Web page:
Veazie Veterinary Clinic
1522 State Street, Veazie, ME
(207) 941-8840

Tips for Preventing Obesity

A lean pet is a healthy pet. And just like humans, we know it’s a lot easier to prevent weight gain than it is to try to lose lots of weight later on. Here are some tips for preventing obesity in pets.

Feeding Tips:

  • Measure out your pet’s food for the day and feed them treats out of that food. That way you know your pet isn’t getting excess calories added into their diet.
  • Don’t feed table scraps. Table scraps add calories to your pet’s diet and are very hard to keep track of.
  • Feed healthy treats. Treats like celery, carrots and chunks of plain skinless chicken are low calorie snacks that animals can learn to love just as much as some other high calorie treats.
  • Try adding warm water to your pet’s food. This can make your pet feel fuller while consuming fewer calories. You should wait until the food swells and absorbs the water and then feed your pet.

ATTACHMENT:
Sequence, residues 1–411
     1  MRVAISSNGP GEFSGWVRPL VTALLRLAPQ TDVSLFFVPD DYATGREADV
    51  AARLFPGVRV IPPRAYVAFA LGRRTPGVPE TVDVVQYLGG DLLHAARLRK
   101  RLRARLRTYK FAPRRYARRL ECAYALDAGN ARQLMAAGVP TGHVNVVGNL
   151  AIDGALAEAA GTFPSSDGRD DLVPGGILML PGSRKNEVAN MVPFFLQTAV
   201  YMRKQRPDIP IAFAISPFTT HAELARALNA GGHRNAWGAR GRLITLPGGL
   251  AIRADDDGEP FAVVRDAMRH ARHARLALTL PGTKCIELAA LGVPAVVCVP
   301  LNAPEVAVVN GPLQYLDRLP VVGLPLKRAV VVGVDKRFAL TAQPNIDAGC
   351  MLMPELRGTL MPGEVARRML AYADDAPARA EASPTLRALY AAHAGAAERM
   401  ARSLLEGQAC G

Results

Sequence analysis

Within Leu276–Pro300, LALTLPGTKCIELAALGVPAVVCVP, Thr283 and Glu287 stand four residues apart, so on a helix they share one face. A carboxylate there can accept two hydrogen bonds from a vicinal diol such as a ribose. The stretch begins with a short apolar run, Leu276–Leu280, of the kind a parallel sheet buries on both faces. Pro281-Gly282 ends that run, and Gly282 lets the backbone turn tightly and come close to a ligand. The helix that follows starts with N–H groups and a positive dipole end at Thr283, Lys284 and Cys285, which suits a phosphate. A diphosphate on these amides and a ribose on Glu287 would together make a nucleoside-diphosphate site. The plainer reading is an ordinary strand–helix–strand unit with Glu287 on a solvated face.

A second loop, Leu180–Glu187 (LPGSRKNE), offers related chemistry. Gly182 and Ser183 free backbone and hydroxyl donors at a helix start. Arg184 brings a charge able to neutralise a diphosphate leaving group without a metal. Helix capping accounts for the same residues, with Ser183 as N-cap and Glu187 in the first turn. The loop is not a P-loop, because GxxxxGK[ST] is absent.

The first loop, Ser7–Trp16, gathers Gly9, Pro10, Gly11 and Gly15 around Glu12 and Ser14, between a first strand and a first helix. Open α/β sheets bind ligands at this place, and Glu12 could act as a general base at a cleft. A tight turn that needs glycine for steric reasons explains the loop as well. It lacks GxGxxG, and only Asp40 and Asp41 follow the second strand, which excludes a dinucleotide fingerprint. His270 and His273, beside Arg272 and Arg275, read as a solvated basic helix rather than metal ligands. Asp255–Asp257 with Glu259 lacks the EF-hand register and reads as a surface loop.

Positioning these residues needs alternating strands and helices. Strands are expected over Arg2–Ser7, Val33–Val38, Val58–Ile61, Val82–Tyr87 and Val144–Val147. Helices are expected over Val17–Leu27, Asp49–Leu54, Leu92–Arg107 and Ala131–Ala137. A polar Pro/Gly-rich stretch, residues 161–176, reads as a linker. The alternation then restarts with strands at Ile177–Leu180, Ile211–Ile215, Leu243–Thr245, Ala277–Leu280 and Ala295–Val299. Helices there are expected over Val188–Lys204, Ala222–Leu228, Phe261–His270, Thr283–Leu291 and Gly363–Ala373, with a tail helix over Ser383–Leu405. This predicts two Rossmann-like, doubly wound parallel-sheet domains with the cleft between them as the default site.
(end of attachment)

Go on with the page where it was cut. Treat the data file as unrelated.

Choose the Correct Type and Amount of Food:

Simply cutting back on the amount of food you feed may also decrease the amount of essential vitamins and minerals. Prescription weight loss diets ensure an adequate intake of essential nutrients while eliminating excess calories.

  • Dog Diets Include: Royal Canin Satiety Support or Calorie Control, Hill’s Prescription r/d and w/d, Science Diet Light, Purina OM
  • Cat Diets Include: Royal Canin Satiety Support or Calorie Control, Hill’s Prescription m/d, r/d, w/d, Science Diet Light, Purina OM

Regulate Your Young Pet’s Weight:

Stop the problem before it starts by feeding your pet healthy food, making sure it gets lots of exercise and not giving “people food”.

Limit or Eliminate Treats:

Treats should be given sparingly and should not make up more than 10% of your pet’s daily calories. Add in the amount of calories from treats to the amount of daily calories you feed your animal. That way you have better control on how many calories your pet is getting.

Treat Any Medical Problems or Diseases

Just as in humans, obesity is sometimes a symptom of an underlying medical problem and may not be successfully addressed until any medical issues are dealt with.